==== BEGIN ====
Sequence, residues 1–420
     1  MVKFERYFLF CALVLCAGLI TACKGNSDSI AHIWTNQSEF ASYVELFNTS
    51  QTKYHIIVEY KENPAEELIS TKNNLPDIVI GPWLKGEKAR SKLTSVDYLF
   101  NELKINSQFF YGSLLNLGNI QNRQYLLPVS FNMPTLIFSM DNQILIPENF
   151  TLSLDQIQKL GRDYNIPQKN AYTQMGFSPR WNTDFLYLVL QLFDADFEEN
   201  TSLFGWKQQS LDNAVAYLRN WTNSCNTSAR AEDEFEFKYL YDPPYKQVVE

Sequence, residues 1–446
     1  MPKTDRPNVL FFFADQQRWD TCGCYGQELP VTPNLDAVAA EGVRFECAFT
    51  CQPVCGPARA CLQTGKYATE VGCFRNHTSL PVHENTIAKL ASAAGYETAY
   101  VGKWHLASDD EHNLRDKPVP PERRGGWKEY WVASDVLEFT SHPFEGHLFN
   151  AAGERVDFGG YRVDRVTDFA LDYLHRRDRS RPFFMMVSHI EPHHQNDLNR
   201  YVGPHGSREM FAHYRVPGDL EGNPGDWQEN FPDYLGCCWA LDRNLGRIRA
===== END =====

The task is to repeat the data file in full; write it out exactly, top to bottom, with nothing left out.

Sequence, residues 1–420
     1  MVKFERYFLF CALVLCAGLI TACKGNSDSI AHIWTNQSEF ASYVELFNTS
    51  QTKYHIIVEY KENPAEELIS TKNNLPDIVI GPWLKGEKAR SKLTSVDYLF
   101  NELKINSQFF YGSLLNLGNI QNRQYLLPVS FNMPTLIFSM DNQILIPENF
   151  TLSLDQIQKL GRDYNIPQKN AYTQMGFSPR WNTDFLYLVL QLFDADFEEN
   201  TSLFGWKQQS LDNAVAYLRN WTNSCNTSAR AEDEFEFKYL YDPPYKQVVE

Sequence, residues 1–446
     1  MPKTDRPNVL FFFADQQRWD TCGCYGQELP VTPNLDAVAA EGVRFECAFT
    51  CQPVCGPARA CLQTGKYATE VGCFRNHTSL PVHENTIAKL ASAAGYETAY
   101  VGKWHLASDD EHNLRDKPVP PERRGGWKEY WVASDVLEFT SHPFEGHLFN
   151  AAGERVDFGG YRVDRVTDFA LDYLHRRDRS RPFFMMVSHI EPHHQNDLNR
   201  YVGPHGSREM FAHYRVPGDL EGNPGDWQEN FPDYLGCCWA LDRNLGRIRA